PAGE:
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Postprandial lipid and hormone responses to meals of varying fat contents: modulatory role of lipoprotein lipase?

Murphy, M. C., Isherwood, S. G., Sethi, S., Gould, B. J., Wright, J. W., Knapper, J. A. and Williams, C. M. (1995) Postprandial lipid and hormone responses to meals of varying fat contents: modulatory role of lipoprotein lipase? European Journal of Clinical Nutrition, 49 (8). pp. 578-588. ISSN 0954-3007

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Abstract/Summary

OBJECTIVE: Substrate and hormone responses to meals of differing fat content were evaluated in normal subjects in order to investigate mechanisms underlying the regulation of postprandial lipoprotein concentration. DESIGN: A randomised cross-over study with three different meals on three occasions. SETTING: Free-living subjects associated with Surrey University. SUBJECTS: Ten male volunteers (aged 18-23 years) were recruited. INTERVENTIONS: Three test meals containing 20, 40 or 80 g fat but identical carbohydrate and protein content were randomly allocated to volunteers. MAJOR OUTCOME MEASURES: Pre- and postprandial blood samples were taken for the analysis of plasma triacylglycerol, non-esterified fatty acids, glucose, immunoreactive insulin and glucose-dependent insulinotrophic polypeptide levels and postheparin lipoprotein lipase activity measurements. RESULTS: Peak triacylglycerol concentrations and lipoprotein lipase activity measurements were significantly higher following the 80 g than the 20 g fat meal (P = 0.009 and P = 0.049 respectively). Areas under the glucose-dependent insulinotrophic polypeptide time-response concentration curves were significantly higher following the 80 g compared with the 20 g fat meal (P = 0.04), but no differences in insulin response to the meals were seen. The 30-360 min decrease in the non-esterified fatty acid concentration was less following the 80 g than the 20 g meal (P = 0.001). CONCLUSIONS: The results suggest that glucose-dependent insulinotrophic polypeptide may mediate increased lipoprotein lipase activity in response to fat-containing meals and may play a role in circulating lipoprotein homeostasis. This mechanism may be overloaded with high fat meals with adverse consequences on circulating triacylglycerol and NEFA concentrations.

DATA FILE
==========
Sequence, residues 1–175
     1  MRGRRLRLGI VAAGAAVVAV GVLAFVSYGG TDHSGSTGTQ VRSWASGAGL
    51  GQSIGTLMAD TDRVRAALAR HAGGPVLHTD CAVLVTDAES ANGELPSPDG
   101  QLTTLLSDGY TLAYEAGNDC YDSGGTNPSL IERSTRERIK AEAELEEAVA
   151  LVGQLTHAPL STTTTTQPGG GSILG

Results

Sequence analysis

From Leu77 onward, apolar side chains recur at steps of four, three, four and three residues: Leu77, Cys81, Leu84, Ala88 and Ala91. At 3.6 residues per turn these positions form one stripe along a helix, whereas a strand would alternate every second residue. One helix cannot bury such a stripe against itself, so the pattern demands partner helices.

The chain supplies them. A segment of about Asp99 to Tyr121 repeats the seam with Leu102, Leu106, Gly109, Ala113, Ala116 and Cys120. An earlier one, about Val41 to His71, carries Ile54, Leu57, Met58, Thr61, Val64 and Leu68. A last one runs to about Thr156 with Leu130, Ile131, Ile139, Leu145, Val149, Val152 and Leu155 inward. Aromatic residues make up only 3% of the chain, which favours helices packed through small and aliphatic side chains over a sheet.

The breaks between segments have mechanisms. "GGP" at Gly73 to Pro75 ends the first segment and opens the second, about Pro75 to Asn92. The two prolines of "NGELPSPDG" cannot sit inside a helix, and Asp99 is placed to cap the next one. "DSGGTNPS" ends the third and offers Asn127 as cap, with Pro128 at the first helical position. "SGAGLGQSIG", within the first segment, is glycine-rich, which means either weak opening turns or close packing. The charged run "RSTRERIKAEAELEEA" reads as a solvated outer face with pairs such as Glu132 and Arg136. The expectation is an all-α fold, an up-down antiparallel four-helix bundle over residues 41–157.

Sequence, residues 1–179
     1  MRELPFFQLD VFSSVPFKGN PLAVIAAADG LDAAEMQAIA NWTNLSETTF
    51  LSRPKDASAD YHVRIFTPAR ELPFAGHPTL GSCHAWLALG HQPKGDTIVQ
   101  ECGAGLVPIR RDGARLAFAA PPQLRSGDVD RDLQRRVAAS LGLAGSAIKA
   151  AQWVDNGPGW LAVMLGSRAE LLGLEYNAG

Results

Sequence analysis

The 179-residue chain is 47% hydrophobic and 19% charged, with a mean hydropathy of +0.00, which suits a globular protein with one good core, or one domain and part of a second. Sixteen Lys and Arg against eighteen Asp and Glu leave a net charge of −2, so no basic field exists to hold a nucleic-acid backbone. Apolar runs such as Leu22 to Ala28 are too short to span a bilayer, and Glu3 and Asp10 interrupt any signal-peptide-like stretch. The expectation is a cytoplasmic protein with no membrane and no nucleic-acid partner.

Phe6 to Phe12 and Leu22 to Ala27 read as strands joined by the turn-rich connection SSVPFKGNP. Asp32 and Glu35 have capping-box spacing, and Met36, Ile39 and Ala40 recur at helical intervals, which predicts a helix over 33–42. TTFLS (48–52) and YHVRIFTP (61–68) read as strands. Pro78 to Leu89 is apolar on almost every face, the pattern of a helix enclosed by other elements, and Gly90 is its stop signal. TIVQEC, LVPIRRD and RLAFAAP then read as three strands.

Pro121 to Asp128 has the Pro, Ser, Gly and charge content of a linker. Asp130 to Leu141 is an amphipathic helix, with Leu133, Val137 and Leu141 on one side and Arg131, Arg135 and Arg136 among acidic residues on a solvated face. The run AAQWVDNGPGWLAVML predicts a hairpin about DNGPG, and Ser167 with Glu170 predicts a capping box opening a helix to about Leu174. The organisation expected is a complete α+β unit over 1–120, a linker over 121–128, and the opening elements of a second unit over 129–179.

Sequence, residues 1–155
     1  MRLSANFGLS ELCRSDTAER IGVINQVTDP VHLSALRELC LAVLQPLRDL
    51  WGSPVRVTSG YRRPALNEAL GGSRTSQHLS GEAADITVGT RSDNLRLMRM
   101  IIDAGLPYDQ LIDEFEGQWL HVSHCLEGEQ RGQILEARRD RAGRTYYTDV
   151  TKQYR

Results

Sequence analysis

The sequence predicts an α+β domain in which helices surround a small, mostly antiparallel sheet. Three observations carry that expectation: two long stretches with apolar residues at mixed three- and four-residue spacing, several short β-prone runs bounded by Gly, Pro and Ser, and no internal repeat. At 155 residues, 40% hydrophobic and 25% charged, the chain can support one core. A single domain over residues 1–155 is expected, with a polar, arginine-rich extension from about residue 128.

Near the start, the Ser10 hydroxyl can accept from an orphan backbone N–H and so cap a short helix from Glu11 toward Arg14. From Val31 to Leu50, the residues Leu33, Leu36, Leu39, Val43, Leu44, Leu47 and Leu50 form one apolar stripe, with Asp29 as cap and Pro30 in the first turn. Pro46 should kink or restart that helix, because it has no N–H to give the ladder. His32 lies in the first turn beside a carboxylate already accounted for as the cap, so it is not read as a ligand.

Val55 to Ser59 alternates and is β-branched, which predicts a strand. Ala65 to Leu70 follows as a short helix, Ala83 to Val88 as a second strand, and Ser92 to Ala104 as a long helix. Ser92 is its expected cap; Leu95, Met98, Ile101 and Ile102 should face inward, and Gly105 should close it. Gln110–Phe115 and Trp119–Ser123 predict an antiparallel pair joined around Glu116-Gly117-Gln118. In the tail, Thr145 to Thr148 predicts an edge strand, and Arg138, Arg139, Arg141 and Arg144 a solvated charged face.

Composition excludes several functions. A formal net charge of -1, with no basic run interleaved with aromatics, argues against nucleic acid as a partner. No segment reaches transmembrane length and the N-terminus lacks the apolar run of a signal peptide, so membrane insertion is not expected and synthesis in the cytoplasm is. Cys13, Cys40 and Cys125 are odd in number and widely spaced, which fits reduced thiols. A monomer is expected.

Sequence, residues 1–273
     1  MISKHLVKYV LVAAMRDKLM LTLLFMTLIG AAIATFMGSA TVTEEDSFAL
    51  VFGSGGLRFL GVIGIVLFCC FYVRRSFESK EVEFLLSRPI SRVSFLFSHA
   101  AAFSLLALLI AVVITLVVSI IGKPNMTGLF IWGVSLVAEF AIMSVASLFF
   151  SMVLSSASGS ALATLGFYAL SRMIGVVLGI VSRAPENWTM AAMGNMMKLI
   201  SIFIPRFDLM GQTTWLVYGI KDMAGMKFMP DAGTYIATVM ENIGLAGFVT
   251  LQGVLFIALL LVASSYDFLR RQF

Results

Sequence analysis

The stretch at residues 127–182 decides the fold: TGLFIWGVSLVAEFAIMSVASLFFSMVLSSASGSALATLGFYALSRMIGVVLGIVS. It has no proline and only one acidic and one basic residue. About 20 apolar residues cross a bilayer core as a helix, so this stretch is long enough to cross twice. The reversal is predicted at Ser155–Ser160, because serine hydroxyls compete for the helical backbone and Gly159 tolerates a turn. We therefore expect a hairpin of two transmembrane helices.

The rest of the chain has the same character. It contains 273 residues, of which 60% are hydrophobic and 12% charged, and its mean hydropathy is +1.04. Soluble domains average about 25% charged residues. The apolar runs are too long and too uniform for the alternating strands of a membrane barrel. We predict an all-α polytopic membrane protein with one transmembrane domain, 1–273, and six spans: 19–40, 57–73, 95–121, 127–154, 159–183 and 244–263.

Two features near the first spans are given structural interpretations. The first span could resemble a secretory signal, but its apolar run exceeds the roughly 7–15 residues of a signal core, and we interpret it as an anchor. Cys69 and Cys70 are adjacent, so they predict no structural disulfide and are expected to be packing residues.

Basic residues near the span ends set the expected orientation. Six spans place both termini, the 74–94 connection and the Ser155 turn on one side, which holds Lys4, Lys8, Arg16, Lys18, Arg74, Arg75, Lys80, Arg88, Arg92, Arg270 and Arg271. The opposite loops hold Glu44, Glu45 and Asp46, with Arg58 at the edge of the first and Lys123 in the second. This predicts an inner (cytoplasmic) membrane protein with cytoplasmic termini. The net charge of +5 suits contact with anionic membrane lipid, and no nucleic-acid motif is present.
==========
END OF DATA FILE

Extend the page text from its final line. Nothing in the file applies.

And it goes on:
Item Type:Article
Refereed:Yes
Divisions:Faculty of Life Sciences > School of Chemistry, Food and Pharmacy > Department of Food and Nutritional Sciences > Human Nutrition Research Group
Interdisciplinary centres and themes > Institute for Cardiovascular and Metabolic Research (ICMR)
ID Code:18962
Publisher:Nature Publishing Group

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